Wednesday, June 17, 2009

Tea Machine

Tea is a worldwide-enjoyed beverage made from water soaked in leaves. First discovered in China, it quickly spread to Japan, India, and from there on to Europe and the Americas. The first tea plants also provided caffeine, a minor stimulant. Later, "herbal" teas were developed that tasted reasonably good but provided no caffeine, as people were jittery enough as is.
So let's say for arguments sake that I have a room full of British workers who need their cuppa tea, right this instant. I have mugs of hot water, and tea bags, and no time to let it brew. I have learned from my own tea drinking experience that the fastest way to brew tea is to dunk and lift the bag, as every lift drains the saturated water from the bag, and every dunk provides fresh water.
So I have a machine with many wheels, about ten inches (25cm? Length of a teabag's string.) over each cup. I dip each teabag in once, then attach its label to the wheel. The wheels connect to a motor, slowly turning them, one revolution every 4 seconds. 2 minutes later, all the teas are done. Discard bags, add milk or cream, sugar, and bring to my workers, who tell me that it's "about bloody time."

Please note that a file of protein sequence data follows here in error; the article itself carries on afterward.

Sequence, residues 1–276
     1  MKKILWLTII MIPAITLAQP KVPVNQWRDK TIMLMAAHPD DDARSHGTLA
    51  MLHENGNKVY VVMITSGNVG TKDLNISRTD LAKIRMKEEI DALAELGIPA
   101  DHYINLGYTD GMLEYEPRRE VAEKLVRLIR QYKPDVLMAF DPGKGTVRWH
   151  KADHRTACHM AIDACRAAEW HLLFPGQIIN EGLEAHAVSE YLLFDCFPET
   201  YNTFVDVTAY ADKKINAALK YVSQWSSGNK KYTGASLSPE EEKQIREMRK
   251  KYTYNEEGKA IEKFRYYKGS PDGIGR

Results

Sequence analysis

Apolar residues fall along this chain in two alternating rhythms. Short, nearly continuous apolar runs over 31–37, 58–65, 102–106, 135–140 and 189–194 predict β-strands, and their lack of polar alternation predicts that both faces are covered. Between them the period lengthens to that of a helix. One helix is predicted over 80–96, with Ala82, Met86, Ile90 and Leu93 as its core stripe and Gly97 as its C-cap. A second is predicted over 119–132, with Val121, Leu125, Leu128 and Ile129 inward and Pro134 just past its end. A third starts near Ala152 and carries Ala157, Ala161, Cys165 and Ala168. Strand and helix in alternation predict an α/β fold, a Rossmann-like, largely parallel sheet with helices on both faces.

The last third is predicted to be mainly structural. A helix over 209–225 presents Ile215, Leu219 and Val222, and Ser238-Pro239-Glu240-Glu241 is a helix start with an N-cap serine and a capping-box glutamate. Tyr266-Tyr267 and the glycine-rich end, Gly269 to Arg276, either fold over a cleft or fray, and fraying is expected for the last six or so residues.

Oh, but wait? What if they're the sophisticated type of tea drinkers that dislike teabags? (Sensitive people claim that the paper in teabags leaves an unpleasant taste in the final tea.) I can replace the teabag with a straining-sphere (imagine two strainers, with the handles removed, and attached to each other via hinges. I open them to add the tea leaves, then close them so as not to lose the tea leaves), and attach the spheres to the wheels. Then at tea-time, fill, spin, milk, sugar, serve. This is endlessly reusable, and I can compost the tea for eco-credit.
Lastly, I can scale this all up for use in tea shops or coffee shops. The latter machine can be filled with coffee grounds instead of tea leaves to make coffee instead of tea.

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